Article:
For years, online-only retailers such as Amazon.com have had an unfair advantage because they don't collect sales tax from customers. They've billed it as a savings for consumers and lobbied heavily across the country, including in Tallahassee, to stave off a national sales tax compliance system. What they haven't said: By not collecting sales taxes, they are robbing taxpayers of a legitimate revenue stream for schools, prisons and social services.
Now that some states are boldly trying to level the playing field by requiring online retailers to collect sales taxes, Amazon.com and Overstock.com are showing their exploitative ways. They want the business, they just don't want to have to contribute to the very American system that has allowed them to flourish. The greed underscores the need for congressional intervention. It's time to get serious about a national sales tax compliance system that is fair to both consumers and business.
Under a 1992 U.S. Supreme Court ruling, online-only or catalog-based retailers can avoid collecting sales tax if they have no physical presence in a state.
Buy a book from a local bookshop or online from a national chain that has a Florida store, and sales tax is added to your bill. Buy it from Amazon, and it's not. That's not fair. It puts traditional retailers at a competitive disadvantage, and it shifts the tax burden to customers who buy locally. That burden has only gotten heavier as online retailing has exploded.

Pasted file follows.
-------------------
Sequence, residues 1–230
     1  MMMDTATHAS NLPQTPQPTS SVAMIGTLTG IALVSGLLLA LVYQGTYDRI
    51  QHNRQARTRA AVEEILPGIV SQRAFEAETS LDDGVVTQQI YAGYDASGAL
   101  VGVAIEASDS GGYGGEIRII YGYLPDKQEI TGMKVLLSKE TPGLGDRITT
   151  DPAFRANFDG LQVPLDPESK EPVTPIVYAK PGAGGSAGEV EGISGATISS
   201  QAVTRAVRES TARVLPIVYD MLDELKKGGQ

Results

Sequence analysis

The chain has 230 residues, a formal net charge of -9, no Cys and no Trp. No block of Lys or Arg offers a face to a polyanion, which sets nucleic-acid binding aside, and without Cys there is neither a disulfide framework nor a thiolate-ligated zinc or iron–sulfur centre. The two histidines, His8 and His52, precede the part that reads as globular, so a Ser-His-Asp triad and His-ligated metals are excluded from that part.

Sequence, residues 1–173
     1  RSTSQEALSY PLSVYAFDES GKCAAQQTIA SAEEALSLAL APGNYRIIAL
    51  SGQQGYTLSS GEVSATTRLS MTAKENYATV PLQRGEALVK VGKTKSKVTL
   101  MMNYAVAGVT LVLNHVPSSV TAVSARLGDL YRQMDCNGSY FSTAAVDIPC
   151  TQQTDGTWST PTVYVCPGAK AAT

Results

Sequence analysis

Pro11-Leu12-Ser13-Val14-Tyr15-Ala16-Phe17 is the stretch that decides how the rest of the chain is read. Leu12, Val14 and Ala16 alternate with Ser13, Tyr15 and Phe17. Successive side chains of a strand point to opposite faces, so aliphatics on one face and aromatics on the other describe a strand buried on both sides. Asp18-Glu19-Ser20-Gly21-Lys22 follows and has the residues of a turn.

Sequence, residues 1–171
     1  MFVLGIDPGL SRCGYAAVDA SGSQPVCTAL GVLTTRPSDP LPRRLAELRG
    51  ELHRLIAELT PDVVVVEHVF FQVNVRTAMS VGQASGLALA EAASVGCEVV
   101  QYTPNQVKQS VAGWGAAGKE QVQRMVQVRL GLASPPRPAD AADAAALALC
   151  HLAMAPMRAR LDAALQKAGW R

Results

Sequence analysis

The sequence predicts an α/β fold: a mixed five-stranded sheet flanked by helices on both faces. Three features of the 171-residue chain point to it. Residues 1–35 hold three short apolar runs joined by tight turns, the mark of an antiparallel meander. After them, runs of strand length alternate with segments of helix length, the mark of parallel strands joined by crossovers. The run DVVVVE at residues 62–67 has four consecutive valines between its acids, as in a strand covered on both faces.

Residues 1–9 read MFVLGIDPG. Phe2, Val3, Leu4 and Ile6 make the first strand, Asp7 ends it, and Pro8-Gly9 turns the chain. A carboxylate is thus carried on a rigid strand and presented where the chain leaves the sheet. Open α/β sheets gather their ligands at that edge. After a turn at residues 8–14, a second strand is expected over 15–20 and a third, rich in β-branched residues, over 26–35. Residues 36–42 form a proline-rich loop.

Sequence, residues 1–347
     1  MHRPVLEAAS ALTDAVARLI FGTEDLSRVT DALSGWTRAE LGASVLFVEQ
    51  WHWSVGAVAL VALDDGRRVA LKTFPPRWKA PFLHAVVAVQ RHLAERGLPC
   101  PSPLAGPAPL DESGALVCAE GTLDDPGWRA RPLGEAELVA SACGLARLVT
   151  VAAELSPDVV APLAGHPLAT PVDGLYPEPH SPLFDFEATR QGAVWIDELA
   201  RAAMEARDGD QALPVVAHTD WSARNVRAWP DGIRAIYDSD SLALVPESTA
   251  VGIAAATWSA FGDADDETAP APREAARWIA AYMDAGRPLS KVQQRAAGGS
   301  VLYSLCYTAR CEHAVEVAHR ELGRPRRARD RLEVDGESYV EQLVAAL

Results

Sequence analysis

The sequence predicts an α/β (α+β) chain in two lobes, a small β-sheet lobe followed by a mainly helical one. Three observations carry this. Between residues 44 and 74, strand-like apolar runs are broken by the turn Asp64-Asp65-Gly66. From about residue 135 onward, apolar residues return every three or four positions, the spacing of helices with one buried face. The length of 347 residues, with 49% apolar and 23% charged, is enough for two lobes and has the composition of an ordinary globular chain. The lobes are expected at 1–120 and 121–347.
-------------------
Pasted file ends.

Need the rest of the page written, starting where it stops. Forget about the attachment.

For years, a group of mostly small states, now totaling 23, has tried to force Congress to address the issue. They've voluntarily agreed to align their sales tax policies to make it easier for retailers to comply in each state. So far, Florida's lawmakers have refused to join them.
But earlier this year, North Carolina joined New York in a different approach. They require remote retailers to collect taxes if they have any business partners residing in their state — such as a seller of used books in North Carolina that sells through Amazon's site.
In response, Amazon and Overstock both announced they were severing all ties with partners in those states rather than comply with the law. They've threatened to do the same in California, Hawaii and Rhode Island, which have considered similar legislation. But here's the rub: The companies will still sell to customers in those states — they just won't help anyone living there to earn a living or pay for a school. Such exploitation shouldn't be allowed to stand. Congress needs to act.